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tion. They suffer no injury by the fact that their rights are limited by those of others.

This justification of personal Property is exposed to the same criticisms as the doctrine of Locke ; and a like remark applies to the Physiocratic justification of property in land. " In employing his person and his moveable wealth on the labour and outlay necessary to cultivation, man acquires property in the soil on which he has laboured. To deprive him of that soil would be to rob him of his labour and the wealth he has laid out on the cultivation ; it would be to violate his property in his own person and moveables. · In acquiring property in the land, he acquires property in the fruits produced by it, and this was the object of all his expenditure, and the object for which he seeks to gain that property in land. Unless he had this property in the fruits of the soil, no one would spend wealth or labour on the land ; there would be no landlords; and the soil would remain waste, to great detriment of population, present and future.”ı Become landowner, he may associate with him another who voluntarily and by free contract may continue the cultivation for him, on terms freely arranged between them. Thus we have farmers as well as landlords.?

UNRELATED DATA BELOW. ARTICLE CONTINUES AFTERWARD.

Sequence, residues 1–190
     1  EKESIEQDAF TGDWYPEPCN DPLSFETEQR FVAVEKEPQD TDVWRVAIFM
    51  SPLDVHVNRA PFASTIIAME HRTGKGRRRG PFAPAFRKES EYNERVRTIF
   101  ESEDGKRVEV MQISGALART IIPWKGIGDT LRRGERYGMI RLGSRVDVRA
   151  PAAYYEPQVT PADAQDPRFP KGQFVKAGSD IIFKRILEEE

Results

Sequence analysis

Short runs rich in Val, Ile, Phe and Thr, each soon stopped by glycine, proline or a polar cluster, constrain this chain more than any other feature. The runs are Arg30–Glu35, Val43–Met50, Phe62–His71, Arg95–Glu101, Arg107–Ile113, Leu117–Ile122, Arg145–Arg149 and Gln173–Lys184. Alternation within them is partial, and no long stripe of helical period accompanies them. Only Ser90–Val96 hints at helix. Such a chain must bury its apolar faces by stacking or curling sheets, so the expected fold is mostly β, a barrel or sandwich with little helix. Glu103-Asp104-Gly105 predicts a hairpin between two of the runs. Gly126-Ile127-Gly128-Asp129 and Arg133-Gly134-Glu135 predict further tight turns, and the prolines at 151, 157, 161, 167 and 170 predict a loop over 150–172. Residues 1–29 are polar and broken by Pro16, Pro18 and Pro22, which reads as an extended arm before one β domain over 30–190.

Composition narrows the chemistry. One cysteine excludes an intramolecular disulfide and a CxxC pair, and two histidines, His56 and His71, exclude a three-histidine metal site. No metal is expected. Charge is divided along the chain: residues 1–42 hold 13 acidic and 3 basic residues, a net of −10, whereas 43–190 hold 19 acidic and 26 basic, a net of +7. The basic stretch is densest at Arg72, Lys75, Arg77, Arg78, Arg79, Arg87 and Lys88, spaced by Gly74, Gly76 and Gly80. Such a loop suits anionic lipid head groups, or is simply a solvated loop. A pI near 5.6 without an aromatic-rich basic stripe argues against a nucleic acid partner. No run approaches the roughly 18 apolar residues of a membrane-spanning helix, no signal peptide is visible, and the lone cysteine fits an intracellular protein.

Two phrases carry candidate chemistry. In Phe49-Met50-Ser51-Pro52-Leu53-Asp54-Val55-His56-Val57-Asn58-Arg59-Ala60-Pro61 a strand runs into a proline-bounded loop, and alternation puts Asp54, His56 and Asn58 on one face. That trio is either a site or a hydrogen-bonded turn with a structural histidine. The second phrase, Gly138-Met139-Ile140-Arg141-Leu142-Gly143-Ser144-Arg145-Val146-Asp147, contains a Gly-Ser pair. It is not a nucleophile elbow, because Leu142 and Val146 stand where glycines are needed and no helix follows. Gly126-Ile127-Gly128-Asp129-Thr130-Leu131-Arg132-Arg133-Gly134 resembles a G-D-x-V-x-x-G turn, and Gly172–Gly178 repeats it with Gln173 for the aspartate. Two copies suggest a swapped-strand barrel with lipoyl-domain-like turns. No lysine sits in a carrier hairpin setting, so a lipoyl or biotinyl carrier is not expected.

We have here a more explicit declaration than in Locke or Hume of the political reason for allowing the appropriation of land ; the land should be allowed to become property not only because men have worked on it, but in order that they may have the motive to go on working upon it.